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Mention has been made of those great depositories of human bones found at the present day in the ancient country of the Hurons.  They have been a theme of abundant speculation;  yet their origin is a subject, not of conjecture, but of historic certainty. The peculiar rites to which they owe their existence were first described at length by Brbeuf, who, in the summer of the year 1636, saw them at the town of Ossossan.
Lyrcus, with an impatient gesture, said:
Fate of the Vanquished ? The Refugees of St. Jean Baptiste and St. Michel ? The Tobacco Nation and its Wanderings ? The Modern Wyandots ? The Biter Bit ? The Hurons at Quebec ? Notre-Dame de Lorette.
A strangely sublime impress rested upon this whole landscape, where the gods had once wandered and where, so to speak, each spot was sacred. Upon the height Pallas Athene had planted the olive-tree sacred to her, and yonder, by the shore of the Ilissus, almost on the very spot where his altar stood, Boreas had borne away the Princess Oreithyia. Sometimes a cool evening breeze, following the course of the stream, swept through the valley. A distant, confused sound, the breathing of the half slumbering city, then reached the ear; but when the wind died away everything was still, and houses, trees, and mountains, steeped in the melancholy lustre of the moonbeams, once more rose before the eyes in majestic silence.Among the French was a young man who had been adopted by an Iroquois chief, and who spoke the language fluently. He now told his Indian father that it had been revealed to him in a dream that he would soon die unless the spirits were appeased by one of these magic feasts. Dreams were the oracles of the Iroquois, and woe to those who slighted them. A day was named for the sacred festivity. The fathers killed their hogs to meet, the occasion, and, that nothing might be wanting, they ransacked their stores for all that might give piquancy to the entertainment. It took place in the evening of the 20th of March, apparently in a large enclosure outside the palisade surrounding the mission-house. Here, while blazing fires or glaring pine-knots shed their glow on the wild assemblage, Frenchmen and Iroquois joined in the dance, or vied with each other in games of agility and skill. The politic fathers offered prizes to the winners, and the Indians entered with zest into the sport, the better, perhaps, to hide their treachery and hoodwink their intended victims; for they little suspected that a subtlety, deeper this time than their own, was at work to countermine them. Here, too, were the French musicians; and drum, trumpet, and cymbal lent their clangor to the din of shouts and laughter. Thus the evening wore on, till at length the serious labors of the feast began. The kettles were brought in, and their steaming contents ladled into the wooden bowls which each provident guest had brought with him. Seated gravely in a ring, they fell to their work. It was a point of high conscience not to flinch from duty on these solemn occasions; and though they might burn the young man to-morrow, they would gorge themselves like vultures in his behoof to-day.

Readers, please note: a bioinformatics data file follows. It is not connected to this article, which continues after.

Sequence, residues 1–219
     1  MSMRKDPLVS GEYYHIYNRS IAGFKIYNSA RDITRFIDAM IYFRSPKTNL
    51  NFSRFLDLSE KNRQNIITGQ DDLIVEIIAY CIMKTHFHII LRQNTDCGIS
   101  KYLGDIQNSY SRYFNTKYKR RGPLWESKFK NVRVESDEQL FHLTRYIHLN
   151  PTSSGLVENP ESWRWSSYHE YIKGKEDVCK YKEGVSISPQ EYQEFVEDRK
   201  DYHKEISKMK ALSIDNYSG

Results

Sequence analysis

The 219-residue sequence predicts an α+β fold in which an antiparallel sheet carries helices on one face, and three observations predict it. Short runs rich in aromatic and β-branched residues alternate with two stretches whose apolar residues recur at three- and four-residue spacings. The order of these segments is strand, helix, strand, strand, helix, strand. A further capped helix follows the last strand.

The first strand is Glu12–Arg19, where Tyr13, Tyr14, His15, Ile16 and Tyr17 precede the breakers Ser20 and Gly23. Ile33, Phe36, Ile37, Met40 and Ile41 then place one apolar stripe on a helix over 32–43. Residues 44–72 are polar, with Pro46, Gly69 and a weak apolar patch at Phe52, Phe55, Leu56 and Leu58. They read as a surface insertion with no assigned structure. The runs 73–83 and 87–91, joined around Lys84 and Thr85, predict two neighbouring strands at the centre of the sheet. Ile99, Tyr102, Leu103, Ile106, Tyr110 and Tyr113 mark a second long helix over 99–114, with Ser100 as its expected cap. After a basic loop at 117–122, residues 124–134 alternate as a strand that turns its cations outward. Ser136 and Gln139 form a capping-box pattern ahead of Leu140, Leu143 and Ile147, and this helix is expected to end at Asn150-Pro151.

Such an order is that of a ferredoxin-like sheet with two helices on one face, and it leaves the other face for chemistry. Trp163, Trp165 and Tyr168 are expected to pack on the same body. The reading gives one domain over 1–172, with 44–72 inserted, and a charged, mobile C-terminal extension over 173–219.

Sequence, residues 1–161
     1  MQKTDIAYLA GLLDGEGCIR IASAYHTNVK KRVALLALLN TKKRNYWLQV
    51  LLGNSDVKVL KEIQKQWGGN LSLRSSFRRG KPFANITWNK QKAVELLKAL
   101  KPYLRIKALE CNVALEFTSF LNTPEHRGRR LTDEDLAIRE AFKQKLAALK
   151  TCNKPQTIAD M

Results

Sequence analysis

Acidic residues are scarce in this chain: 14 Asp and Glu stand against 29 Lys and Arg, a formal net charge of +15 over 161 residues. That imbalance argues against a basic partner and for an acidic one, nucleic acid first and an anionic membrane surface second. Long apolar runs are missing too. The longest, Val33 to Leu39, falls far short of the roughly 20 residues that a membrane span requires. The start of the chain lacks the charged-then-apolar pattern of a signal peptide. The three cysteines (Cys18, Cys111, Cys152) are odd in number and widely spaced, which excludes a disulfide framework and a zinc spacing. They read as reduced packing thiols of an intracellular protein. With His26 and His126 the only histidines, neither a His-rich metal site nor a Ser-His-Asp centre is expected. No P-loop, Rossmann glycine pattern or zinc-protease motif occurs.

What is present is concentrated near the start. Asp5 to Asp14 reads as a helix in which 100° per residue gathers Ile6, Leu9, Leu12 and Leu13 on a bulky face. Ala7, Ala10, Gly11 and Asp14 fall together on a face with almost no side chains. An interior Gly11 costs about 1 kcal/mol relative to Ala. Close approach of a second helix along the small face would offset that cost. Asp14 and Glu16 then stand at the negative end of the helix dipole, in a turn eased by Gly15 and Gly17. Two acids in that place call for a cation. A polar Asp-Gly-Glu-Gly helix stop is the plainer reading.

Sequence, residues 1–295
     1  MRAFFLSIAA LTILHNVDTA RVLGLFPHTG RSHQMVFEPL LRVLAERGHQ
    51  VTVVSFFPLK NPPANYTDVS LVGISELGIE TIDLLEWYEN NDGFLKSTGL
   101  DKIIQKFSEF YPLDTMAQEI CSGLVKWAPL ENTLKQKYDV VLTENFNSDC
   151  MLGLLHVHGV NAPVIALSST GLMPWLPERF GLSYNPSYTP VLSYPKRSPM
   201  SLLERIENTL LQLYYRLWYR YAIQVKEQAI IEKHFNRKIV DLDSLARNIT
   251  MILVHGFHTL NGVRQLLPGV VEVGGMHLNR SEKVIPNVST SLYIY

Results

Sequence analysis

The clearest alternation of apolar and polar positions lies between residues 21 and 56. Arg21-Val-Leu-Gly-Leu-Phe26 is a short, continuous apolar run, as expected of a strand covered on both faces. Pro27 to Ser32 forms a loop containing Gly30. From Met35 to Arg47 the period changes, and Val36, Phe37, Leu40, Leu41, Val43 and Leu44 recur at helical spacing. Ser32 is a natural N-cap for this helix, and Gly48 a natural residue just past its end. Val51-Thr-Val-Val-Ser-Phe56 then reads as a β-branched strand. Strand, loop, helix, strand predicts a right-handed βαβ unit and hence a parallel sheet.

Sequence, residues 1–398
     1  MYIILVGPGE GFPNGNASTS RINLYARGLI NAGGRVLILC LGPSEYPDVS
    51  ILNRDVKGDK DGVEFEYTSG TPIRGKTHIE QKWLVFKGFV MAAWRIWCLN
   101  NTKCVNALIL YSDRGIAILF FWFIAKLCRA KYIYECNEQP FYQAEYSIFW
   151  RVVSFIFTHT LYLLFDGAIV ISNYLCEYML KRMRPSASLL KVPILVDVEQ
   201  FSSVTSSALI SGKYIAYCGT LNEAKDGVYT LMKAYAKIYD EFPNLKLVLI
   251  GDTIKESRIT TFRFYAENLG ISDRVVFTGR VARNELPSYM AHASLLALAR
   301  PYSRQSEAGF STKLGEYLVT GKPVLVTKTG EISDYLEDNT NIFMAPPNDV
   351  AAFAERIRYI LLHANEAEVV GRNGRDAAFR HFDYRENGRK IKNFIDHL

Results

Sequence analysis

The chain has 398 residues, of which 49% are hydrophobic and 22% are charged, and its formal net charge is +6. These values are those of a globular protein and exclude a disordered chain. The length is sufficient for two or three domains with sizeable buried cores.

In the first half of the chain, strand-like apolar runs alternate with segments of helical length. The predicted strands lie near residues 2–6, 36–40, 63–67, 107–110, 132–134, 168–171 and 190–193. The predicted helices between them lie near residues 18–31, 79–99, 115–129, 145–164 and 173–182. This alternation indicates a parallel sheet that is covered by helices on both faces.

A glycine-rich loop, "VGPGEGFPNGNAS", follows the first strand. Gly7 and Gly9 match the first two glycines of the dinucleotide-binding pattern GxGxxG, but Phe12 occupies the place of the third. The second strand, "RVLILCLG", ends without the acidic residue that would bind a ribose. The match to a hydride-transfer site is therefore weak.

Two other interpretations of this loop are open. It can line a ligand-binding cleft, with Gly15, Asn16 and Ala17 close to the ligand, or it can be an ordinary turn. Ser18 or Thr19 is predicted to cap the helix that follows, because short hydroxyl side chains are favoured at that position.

chiefs, one of whom, with her attendants, came to Quebec
To leave this cloudland of tradition, and approach the confines of recorded history. The Normans, offspring of an ancestry of conquerors,the Bretons, that stubborn, hardy, unchanging race, who, among Druid monuments changeless as themselves, still cling with Celtic obstinacy to the thoughts and habits of the past,the Basques, that primeval people, older than history,all frequented from a very early date the cod-banks of Newfoundland. There is some reason to believe that this fishery existed before the voyage of Cabot, in 1497; there is strong evidence that it began as early as the year 1504; and it is well established that, in 1517, fifty Castilian, French, and Portuguese vessels were engaged in it at once; while in 1527, on the third of August, eleven sail of Norman, one of Breton, and two of Portuguese fishermen were to be found in the Bay of St. John.The hillock in the garden, which had been Simonides favorite spot and where his monument stood, was the goal of their walks, and when they had offered their homage to the dead man by adorning his grave with flowers, they sat down on a bench among a group of tall plane-trees to gaze over the city and country.